The general aims of ClinSeq are to: (1) develop the infrastructure and approaches to acquire and analyze genome sequence from individual research participants; (2) pilot the use of LSMS to elucidate the genetic architecture underlying human traits; (3) provide an open, shared resource and environment for basic and clinical researchers to work collaboratively to perform research in genomic medicine; and (4) establish approaches for informed consent and the return of genetic information to subjects participating in LSMS studies. In pursuing these aims, our overriding goals include modeling whole-genome sequence acquisition in a manner that is practical for a clinical research setting, advancing our understanding of the genetic basis of important human diseases and traits, and establishing how to scale LSMS prior to the day when whole-genome sequencing becomes part of routine clinical practice. In this paper, we describe the ClinSeq study design, provide a snapshot of our very early data generation, and discuss the implications of this study for the nascent field of genomic medicine.

ClinSeq study design

Cohort enrollment and phenotypic characterization

The initial ClinSeq cohort is planned to include 1000 individuals who will be enrolled and evaluated at the National Institutes of Health (NIH) Clinical Research Center in Bethesda, Maryland (Fig. 2). ClinSeq is designed to evolve into a study of all traits and the acquisition of whole-genome sequences. Because neither is presently practical, we sought to model key attributes of genomic medicine research by performing LSMS of candidate genes relevant to a common and broadly defined phenotype (initially, atherosclerotic heart disease), with consent to proceed to whole-genome sequencing and the study of other traits in the future. Cardiovascular disease will be a useful prototype for many other phenotypes that we plan to study eventually. Atherosclerotic heart disease is common, has quantitative subphenotypes, has an underlying genetic architecture that is known to be complex (Sing and Boerwinkle 1987), is already associated with a set of genes that can be readily interrogated with conventional sequencing technology, and offers various treatment options for mitigating identified risks. An initial cohort size of 1000 was selected to allow detection of gene variants with an effect comparable to that seen with PCSK9, a recently discovered, clinically important gene that plays a role in lipid regulation (Cohen et al. 2006). A cohort of 1000 subjects would have a power of 0.996 to detect an association of this nature at P = 0.05. In addition to rare variants, numerous common, apparently low-penetrance alleles have been associated with abnormal lipid levels (Kathiresan et al. 2007; Willer et al. 2008) and other phenotypes (Manolio et al. 2008); further, numerous rare, high-penetrance alleles have been shown to cause endo- or subphenotypes that comprise the spectrum of atherosclerosis (e.g., Jones et al. 2007; Mani et al. 2007).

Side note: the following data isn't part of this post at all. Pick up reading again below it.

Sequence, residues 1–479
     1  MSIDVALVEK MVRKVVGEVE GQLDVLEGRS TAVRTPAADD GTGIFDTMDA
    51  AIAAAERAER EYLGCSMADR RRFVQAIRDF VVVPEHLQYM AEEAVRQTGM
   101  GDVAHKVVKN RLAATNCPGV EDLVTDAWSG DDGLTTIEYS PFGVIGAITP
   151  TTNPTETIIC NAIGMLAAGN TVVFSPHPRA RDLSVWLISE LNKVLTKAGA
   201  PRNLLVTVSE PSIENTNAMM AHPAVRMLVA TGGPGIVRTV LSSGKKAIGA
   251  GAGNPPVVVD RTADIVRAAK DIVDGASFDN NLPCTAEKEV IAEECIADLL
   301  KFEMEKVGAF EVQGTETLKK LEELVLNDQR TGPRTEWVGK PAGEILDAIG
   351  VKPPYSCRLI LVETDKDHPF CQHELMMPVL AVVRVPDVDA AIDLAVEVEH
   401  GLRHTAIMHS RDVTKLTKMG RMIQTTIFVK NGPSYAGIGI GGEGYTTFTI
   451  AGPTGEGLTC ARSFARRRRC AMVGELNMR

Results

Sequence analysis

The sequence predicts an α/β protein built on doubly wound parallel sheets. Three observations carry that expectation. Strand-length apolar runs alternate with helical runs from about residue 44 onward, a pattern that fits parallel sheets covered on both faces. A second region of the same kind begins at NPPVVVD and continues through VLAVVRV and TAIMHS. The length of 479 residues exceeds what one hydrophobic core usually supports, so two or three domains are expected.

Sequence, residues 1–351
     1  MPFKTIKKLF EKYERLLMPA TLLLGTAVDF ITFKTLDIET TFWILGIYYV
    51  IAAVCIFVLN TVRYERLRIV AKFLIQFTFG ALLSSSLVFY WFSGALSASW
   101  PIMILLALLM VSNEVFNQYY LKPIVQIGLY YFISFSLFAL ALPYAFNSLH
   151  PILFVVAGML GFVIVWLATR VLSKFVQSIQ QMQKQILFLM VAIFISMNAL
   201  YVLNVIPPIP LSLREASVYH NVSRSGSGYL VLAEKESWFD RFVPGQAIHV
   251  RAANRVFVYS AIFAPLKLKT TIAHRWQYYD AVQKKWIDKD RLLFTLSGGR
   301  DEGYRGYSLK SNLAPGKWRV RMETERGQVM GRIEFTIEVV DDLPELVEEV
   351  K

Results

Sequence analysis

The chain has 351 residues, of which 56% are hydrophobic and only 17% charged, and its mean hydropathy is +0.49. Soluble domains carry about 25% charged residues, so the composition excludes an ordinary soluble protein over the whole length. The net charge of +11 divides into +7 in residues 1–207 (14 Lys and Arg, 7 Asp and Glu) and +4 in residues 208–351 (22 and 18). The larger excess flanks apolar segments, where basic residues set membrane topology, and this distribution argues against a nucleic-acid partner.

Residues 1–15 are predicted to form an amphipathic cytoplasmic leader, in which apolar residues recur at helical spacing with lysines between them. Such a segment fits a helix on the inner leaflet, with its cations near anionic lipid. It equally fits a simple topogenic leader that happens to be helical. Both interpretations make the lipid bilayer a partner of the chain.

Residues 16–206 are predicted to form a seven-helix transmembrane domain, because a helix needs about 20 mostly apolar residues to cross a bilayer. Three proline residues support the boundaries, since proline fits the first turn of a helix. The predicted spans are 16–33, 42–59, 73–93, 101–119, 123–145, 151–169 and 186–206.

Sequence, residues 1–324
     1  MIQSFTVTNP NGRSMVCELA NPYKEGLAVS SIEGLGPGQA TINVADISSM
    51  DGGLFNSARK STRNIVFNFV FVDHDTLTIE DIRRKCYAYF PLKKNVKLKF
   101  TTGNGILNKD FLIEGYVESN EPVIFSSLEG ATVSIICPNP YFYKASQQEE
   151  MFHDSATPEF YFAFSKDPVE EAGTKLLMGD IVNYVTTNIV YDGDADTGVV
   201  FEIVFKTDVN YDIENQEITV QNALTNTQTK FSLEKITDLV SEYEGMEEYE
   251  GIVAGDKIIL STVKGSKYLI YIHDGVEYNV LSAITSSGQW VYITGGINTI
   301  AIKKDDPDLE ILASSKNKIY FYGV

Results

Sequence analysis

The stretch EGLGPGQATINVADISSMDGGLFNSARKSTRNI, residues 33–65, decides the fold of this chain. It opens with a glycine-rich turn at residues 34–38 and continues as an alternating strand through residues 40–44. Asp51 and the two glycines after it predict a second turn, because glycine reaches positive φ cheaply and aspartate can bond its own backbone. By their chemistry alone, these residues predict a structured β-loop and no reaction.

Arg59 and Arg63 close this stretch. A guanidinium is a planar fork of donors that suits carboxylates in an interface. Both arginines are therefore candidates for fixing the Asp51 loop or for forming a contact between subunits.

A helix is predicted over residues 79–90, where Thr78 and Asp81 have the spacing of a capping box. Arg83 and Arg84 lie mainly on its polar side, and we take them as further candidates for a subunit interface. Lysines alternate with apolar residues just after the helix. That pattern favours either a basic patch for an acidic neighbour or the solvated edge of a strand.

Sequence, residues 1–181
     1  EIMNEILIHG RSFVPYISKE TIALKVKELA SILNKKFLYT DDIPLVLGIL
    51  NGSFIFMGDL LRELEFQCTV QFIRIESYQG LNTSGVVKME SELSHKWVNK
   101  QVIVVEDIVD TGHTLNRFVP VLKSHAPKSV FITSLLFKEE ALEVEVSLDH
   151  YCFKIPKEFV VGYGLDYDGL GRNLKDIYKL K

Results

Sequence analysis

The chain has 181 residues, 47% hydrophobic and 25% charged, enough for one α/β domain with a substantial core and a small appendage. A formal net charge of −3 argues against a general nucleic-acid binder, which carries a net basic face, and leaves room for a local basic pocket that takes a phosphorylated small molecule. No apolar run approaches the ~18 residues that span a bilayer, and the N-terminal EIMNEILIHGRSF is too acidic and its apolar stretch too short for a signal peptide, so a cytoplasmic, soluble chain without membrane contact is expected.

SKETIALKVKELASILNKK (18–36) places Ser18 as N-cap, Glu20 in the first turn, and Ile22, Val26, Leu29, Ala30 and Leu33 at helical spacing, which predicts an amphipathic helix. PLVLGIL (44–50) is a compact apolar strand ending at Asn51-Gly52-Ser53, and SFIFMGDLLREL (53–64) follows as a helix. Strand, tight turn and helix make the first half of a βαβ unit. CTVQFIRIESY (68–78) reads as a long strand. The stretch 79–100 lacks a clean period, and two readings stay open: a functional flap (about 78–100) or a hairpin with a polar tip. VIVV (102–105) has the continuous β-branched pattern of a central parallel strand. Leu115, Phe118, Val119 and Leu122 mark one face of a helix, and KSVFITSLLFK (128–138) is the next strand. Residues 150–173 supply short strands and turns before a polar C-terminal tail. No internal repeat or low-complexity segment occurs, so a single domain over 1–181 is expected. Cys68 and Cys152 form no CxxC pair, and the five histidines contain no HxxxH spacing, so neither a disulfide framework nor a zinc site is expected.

Figure 2.
ClinSeq sample and data flow. DNA samples and clinical data emanate from the initial participant enrollment and clinical evaluation, and then flow through the indicated clinical and research processes (see text for details). Note the separate acquisition ...

ClinSeq participants are being selected to represent the spectrum of atherosclerotic heart disease using the Framingham score (Wilson et al. 1998) to balance accrual. The accrual target is three groups of 250 participants each who have a Framingham 10-yr coronary artery disease (CAD) risk of <5%, 5%–10%, and >10%, respectively, and an additional group of 250 participants who have a diagnosis of CAD based on a history of a myocardial infarction, coronary artery bypass graft surgery, stent placement, or other revascularization procedure. This accrual strategy was implemented so that the cohort would be enriched for detectable coronary atherosclerosis, as measured by computed tomography (see below).

Upon enrollment, each participant is evaluated (Fig. 2) for baseline information about his or her health status and family history. For acquiring a detailed family history, participants complete the Surgeon General's “My Family Health Portrait” (http://www.hhs.gov/familyhistory), after which a comprehensive family history is ascertained by a genetic counselor. An abbreviated health history, with a particular focus on cardiovascular disease, is also acquired by a nurse practitioner. The initial clinical assessment includes height, weight, head and waist circumferences, blood pressure, electrocardiogram, echocardiogram, and coronary artery calcification (assessed by multidetector computed tomography). We also perform a broad panel of blood and urine tests (see Supplemental Table S1), isolate genomic DNA and total RNA from peripheral blood, archive serum samples, and establish a lymphoblastoid cell line from each participant. Importantly, this is only an initial assessment, as the participants are consented for potential future clinical evaluation of many other traits (see Informed Consent section, below).